No Magical Cures?
Is MMS, the miracle mineral supplement, a scam? It is chlorine dioxide.
Andrew Weil, M.D. | July 30, 2010
It sure is. Claims for this product are outrageous – that it can quickly cure AIDS, cancer, malaria, tuberculosis, hepatitis A, B and C, herpes and more.
Looking around the MMS website, one of the the first things I saw was a claim that a 99 percent accurate test for cancer has been around for more than 25 years, and that you can order it on the Internet and be tested for $165. This is the AMAS test that I’ve written about previously on this site (Is AMAS a Worthwhile Cancer Test?). It is not a recognized test for cancer, and it is unconscionable for MMS promoters to advise anyone who may be seriously ill to forego proven tests and therapies in favor of something that has no medical validity.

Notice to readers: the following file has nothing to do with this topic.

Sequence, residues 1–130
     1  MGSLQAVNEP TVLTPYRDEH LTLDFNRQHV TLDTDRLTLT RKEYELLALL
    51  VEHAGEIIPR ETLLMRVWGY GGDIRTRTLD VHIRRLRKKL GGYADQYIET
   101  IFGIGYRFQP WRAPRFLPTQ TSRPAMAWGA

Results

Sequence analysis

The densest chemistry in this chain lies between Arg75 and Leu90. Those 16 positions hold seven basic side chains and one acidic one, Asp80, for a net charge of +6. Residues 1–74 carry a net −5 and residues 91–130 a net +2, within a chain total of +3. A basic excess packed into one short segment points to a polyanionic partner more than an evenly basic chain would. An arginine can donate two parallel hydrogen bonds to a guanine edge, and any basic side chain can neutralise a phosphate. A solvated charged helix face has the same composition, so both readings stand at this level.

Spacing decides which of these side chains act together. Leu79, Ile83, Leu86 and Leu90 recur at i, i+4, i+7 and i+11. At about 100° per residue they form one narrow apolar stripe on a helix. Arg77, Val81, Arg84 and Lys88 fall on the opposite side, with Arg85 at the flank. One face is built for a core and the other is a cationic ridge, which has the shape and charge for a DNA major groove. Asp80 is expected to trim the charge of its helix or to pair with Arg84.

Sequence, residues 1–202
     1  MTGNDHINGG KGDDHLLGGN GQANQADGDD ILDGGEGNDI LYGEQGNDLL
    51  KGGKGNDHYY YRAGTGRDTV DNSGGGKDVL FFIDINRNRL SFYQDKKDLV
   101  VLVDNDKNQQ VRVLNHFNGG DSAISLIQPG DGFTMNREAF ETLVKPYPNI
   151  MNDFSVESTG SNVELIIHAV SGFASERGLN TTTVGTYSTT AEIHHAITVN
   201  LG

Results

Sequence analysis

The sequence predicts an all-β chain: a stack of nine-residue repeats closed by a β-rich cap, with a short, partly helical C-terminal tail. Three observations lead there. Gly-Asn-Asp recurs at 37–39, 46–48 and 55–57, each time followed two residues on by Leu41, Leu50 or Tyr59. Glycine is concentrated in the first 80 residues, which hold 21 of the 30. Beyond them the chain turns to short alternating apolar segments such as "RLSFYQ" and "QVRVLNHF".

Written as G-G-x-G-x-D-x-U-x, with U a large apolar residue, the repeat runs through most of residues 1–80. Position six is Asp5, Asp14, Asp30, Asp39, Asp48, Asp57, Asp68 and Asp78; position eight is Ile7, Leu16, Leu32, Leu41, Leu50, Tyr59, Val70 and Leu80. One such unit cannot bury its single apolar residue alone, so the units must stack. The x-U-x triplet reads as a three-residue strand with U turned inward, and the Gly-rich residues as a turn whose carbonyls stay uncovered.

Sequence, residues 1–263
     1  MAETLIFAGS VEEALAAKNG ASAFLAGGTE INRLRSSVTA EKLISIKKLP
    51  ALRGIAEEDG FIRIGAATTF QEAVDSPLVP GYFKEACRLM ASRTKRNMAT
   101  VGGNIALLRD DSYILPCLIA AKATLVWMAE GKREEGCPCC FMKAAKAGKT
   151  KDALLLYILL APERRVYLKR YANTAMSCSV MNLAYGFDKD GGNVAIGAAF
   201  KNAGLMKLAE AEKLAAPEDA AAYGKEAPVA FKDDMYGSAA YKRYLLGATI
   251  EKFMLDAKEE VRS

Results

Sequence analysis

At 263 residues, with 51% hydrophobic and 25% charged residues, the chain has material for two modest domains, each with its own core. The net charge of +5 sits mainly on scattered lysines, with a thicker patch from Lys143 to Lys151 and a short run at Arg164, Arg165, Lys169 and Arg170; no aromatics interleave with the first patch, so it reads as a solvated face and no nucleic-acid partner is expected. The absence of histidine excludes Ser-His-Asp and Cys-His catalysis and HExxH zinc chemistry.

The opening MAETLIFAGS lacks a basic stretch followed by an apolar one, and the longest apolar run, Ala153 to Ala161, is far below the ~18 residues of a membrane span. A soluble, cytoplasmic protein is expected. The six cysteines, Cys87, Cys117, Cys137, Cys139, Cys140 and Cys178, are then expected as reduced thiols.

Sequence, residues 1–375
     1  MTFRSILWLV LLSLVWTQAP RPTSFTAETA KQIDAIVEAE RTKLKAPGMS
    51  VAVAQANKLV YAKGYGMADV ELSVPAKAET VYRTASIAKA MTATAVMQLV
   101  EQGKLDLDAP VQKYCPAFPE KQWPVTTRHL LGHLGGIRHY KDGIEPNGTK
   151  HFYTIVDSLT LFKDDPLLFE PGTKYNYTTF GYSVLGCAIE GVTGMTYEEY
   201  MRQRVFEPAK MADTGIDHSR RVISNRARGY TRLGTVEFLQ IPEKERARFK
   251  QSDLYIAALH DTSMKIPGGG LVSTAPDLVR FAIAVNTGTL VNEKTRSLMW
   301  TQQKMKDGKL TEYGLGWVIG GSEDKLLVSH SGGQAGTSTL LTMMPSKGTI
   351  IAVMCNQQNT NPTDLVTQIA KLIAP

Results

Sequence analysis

Chlorine dioxide has long been used as a bleaching agent and a disinfectant. I am aware of no studies in humans showing that it has any beneficial effect for treatment of any of the diseases for which it is being sold. As I understand it, you’re supposed to take drops of the stuff by mouth. If you have cancer and the treatment causes nausea, you have to continue until the nausea stops; at that point you know it is working to cure the cancer. This is a ridiculous and dangerous claim. There are no such easy cures for cancer or any of the other serious diseases this product is being sold to treat.
You can’t buy MMS on the website that describes all of its supposed miraculous powers. It refers you to other sites that supply it. Any substance said to treat, prevent or cure an illness is considered a drug and can’t be legally marketed in the United States without FDA approval. The most that domestic MMS suppliers can legally claim is that their product purifies water.
Andrew Weil, M.D.